‘Prison Crisis’ demo

Derry's Prison Crisis Group staged a dramatic protest outside the city's courthouse on Bishop Street this week - highlighting the "farce of justice". (1208JC3)
Derry's Prison Crisis Group staged a dramatic protest outside the city's courthouse on Bishop Street this week - highlighting the "farce of justice". (1208JC3)
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This week marks the 41st anniversary of the introduction of internment without trial by a British conservative government.

In the early hours of August 9, 1971, members of the British Army forcefully removed over 300 men and boys from their homes in exclusively nationalist areas right across the north of Ireland.

On Thursday morning, to commemorate that event and to highlight the fact that today a British conservative government continues to use internment, members of the Derry-based ‘Prison Crisis Group’ (PCG) staged a dramatic action entitled ‘The Farce of Justice’ outside the city’s courthouse in Bishop Street.

Calling for the immediate release of both Marian Price and Martin Corey, the staged event saw six hooded men and women in white boiler suits, with hands bound, marched along the street to a lone voice “calling on all of those present to act now and to speak out for the voiceless”.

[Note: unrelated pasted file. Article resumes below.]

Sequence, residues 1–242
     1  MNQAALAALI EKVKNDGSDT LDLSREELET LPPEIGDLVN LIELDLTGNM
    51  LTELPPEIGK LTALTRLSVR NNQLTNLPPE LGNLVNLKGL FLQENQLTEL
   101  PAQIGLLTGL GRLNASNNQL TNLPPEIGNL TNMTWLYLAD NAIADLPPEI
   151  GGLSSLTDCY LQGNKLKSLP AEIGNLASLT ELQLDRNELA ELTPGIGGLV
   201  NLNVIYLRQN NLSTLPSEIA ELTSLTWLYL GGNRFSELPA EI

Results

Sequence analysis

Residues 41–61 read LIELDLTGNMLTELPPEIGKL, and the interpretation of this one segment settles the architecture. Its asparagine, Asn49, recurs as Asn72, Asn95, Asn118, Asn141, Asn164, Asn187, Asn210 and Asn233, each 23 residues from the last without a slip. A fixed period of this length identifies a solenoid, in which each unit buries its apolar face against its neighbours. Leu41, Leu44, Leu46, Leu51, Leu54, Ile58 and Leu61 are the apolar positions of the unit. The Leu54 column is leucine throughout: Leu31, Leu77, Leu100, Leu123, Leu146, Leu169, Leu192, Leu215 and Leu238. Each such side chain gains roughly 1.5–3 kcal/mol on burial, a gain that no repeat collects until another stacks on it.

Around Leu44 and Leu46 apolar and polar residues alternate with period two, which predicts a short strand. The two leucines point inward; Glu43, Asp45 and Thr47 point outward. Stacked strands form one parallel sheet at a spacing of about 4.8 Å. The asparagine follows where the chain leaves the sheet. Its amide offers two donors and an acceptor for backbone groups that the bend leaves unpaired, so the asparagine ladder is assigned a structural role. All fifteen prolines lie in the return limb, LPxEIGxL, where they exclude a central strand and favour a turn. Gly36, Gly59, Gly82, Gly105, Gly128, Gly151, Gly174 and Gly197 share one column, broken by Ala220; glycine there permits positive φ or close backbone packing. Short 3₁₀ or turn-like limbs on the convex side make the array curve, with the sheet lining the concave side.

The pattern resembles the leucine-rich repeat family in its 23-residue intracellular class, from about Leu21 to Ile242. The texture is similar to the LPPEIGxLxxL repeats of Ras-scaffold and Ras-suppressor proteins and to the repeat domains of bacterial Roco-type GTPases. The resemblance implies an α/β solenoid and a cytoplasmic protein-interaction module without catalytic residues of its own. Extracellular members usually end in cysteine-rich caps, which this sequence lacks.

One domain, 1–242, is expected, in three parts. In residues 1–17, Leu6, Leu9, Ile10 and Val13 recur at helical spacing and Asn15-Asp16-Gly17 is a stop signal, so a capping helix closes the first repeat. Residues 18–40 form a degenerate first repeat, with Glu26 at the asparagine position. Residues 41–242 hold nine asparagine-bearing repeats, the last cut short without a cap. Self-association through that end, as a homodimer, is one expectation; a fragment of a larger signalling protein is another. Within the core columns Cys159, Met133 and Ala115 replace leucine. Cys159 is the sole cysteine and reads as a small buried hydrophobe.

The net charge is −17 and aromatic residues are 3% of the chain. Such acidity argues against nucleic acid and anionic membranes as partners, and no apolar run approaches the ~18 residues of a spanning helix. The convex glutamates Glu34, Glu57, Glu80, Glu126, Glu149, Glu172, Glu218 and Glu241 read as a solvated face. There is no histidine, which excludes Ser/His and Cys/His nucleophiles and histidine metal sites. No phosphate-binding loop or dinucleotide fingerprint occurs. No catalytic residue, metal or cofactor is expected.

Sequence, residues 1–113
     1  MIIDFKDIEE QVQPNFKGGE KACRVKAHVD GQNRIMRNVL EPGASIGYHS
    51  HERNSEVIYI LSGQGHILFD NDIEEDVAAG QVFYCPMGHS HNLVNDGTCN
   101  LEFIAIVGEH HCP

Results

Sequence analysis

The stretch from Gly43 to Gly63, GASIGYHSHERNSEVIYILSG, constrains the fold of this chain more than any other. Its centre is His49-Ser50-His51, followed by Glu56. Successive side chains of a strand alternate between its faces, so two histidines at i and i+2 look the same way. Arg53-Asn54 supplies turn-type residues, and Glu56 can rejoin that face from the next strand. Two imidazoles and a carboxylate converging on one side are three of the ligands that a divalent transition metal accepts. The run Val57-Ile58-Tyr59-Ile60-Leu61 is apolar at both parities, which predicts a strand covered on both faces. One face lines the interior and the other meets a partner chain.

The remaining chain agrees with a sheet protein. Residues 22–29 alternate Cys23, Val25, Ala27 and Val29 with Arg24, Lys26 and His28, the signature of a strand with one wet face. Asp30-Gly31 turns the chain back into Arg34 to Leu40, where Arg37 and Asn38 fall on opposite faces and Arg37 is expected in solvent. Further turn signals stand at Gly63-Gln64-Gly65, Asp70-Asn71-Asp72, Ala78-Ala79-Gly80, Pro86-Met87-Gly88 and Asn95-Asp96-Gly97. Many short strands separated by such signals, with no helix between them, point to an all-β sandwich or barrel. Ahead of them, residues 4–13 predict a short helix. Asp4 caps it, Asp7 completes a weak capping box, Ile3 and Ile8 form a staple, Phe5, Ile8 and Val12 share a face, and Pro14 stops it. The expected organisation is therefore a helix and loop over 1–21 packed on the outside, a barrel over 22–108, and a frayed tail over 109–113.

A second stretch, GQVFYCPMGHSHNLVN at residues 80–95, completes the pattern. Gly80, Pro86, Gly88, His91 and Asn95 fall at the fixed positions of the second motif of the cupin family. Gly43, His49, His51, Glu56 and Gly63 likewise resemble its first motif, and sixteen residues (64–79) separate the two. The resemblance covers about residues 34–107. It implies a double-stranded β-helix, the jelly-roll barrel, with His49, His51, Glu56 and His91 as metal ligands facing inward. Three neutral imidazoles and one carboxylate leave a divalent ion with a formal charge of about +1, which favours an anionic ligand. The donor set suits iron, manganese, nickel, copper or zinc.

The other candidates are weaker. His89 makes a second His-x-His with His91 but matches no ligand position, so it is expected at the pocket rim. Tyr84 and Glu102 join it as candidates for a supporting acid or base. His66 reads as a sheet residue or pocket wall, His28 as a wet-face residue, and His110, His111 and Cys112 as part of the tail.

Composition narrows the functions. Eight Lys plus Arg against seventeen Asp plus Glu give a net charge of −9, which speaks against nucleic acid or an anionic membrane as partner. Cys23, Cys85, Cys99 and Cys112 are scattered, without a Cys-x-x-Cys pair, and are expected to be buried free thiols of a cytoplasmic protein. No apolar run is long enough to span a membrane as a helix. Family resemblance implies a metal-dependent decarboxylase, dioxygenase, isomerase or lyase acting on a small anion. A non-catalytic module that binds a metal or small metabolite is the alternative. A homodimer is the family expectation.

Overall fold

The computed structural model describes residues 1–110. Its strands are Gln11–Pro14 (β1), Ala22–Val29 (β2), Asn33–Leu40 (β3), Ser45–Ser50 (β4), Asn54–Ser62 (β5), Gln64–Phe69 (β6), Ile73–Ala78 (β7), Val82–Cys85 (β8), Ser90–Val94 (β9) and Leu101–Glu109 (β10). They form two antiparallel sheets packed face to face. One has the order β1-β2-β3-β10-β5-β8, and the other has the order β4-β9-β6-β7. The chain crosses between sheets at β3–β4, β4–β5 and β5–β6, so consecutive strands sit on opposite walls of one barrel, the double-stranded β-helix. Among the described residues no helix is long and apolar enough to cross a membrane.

Within the ‘audience’ witnessing the action there then emerged a ‘speakers corner’ where others raised voices of dissent.

Addressing the NI Secretary of State, Owen Patterson, with specific regard to the case of Marian Price, a member of PCG said: “In normal circumstances in any jurisdiction, it would not be in the gift of a politician on his or her own to order the release of a prisoner. But in this case it was you personally who ordered that Marian be imprisoned and you personally who can end her imprisonment.

“This is to say that she was denied due process. In common parlance, she was interned.

“We are aware of the claim that confidential information seen by you provided the basis for returning Marian to prison.

“This is precisely the explanation given by Brian Faulkner and the Unionist Government in 1971 to justify the introduction of internment then - that all internment orders were backed by intelligence information, which couldn’t be divulged. That was 41 years ago. We had thought that the days of repressive law and arbitrary imprisonment were over. But you have brought them back. The principles involved have not changed over time. We deny your right, or the right of any politician, to sign a document negating the liberty of any citizen without the production or testing of evidence or any public procedure of any kind. This flies in the face of the most basic norms of civil rights and justice. We demand that you undo the denial of civil rights and injustice, which you have inflicted on Marian by freeing her now!”